Mexican music and dance were enjoyed by many Americans, who found them exotic. Stage performances and feature films provided inspiration; beautifully-illustrated sheet music enabled people to play Mexican tunes in their own homes.
Children’s toys and collectibles sometimes featured traditional Mexican clothing styles. This 1944 set of paper dolls was inspired by President Franklin D. Roosevelt’s “Good Neighbor” foreign policy, which improved relations with Mexico and ensured its support for the Allies in World War Two. The cards showing Mexican vaqueros (cowboys) – both young and old – were included in late 19th century cigarette packages just as baseball cards are included with bubble gum today.
Americans were able to experience Mexico first-hand by attending one of many world’s fairs held in the United States. At the fairs, ordinary Mexicans demonstrated their culture and customs while living in recreated “authentic” village exhibits. Other exhibits portrayed Mexico’s long and colorful history, with an emphasis on its Aztec and Mayan roots. An entire Mayan temple was recreated for Mexico’s pavilion at the 1934 Chicago “Century of Progress” exhibition.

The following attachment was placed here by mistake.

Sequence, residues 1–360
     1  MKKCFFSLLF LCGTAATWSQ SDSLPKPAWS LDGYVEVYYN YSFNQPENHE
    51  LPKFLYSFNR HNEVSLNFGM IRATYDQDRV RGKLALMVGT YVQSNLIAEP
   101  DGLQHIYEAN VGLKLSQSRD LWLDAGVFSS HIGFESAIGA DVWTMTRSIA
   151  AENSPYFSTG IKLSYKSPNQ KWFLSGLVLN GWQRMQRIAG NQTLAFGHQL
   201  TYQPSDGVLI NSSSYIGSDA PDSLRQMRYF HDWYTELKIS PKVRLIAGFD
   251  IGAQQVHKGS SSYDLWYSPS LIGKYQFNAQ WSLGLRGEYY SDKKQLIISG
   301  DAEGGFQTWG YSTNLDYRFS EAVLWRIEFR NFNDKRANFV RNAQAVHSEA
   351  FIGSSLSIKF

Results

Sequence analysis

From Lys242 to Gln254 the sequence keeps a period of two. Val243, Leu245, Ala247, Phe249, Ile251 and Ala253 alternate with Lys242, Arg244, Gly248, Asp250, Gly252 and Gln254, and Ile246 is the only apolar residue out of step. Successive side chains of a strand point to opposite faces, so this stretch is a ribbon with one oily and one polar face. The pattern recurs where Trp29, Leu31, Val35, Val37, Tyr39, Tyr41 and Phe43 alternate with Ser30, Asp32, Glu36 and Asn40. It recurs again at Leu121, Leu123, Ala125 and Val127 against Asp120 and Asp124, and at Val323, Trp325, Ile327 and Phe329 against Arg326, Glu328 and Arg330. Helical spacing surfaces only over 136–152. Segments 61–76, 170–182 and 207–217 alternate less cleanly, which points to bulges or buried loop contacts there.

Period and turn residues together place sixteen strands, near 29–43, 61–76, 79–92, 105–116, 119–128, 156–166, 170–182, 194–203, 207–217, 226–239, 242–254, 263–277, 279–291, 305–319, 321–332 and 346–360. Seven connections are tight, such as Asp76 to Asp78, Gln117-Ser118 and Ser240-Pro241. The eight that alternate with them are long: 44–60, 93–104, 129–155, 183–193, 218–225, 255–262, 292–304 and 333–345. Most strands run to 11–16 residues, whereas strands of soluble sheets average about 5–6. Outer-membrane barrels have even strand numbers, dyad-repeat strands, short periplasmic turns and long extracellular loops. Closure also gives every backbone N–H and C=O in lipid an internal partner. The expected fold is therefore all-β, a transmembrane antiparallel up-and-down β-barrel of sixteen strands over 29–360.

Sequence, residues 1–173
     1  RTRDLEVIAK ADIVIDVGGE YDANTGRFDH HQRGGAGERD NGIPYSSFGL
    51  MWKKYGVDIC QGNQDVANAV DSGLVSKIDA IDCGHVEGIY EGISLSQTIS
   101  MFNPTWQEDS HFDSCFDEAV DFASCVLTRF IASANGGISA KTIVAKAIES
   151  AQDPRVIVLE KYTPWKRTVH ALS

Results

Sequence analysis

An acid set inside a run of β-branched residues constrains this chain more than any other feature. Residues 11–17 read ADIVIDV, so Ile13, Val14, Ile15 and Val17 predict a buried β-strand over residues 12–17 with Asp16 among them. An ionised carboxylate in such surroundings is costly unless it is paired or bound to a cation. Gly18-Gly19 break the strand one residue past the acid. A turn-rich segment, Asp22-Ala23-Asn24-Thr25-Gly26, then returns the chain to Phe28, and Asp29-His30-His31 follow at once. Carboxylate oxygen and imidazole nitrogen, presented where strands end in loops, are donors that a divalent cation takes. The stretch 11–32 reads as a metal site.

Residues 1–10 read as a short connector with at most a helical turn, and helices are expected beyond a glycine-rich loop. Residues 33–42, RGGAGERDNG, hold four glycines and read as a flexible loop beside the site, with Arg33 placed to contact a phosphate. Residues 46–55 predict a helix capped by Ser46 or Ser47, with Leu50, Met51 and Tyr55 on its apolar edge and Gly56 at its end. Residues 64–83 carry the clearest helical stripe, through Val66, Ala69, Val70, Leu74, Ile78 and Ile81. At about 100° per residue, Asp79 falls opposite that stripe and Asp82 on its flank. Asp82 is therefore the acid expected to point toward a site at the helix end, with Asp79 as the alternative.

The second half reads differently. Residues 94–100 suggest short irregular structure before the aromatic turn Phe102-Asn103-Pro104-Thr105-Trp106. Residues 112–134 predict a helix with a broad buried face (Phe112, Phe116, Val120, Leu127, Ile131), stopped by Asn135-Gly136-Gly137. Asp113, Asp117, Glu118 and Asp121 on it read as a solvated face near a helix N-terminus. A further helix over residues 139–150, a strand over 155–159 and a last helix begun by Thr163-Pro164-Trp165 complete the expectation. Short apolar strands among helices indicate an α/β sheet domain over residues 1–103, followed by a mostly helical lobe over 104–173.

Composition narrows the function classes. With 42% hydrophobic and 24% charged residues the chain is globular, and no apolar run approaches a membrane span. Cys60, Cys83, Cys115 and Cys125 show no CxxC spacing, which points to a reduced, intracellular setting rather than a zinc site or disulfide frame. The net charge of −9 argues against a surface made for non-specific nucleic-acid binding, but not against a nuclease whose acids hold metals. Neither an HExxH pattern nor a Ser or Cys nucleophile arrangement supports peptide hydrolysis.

1. Silver gelatin print by Katherine Joseph, 1941. Katherine Joseph Collection, 1930s-1940s.
2. "Bull Fight Scenes, Mexico, 1903. Silver gelatin prints on album page. Van Tassell Photograph Albums, 1900-1956.
3. "The World's Greatest Silver Mining City, Guanajuato, Mexico." Stereograph by Keystone View Co., ca. 1900-1910. Division of Cultural History Lantern Slides and Stereographs, ca. 1887-1930.
4. Good Neighbor Paper Dolls doll house, 1944. Helen Popenoe Paper Dolls, 1942-1947.
5. Orrin Bros. & Nichol's Aztec Fair pamphlet. Warshaw Collection of Business Americana.
Editor's note: this blog post is the virtual version of an exhibit presented by the Archives Center in the National Museum of American History, Sept. 1-Nov. 30, 2010.
By Craig A. Orr, Acquisitions Archivist, Archives Center, National Museum of American History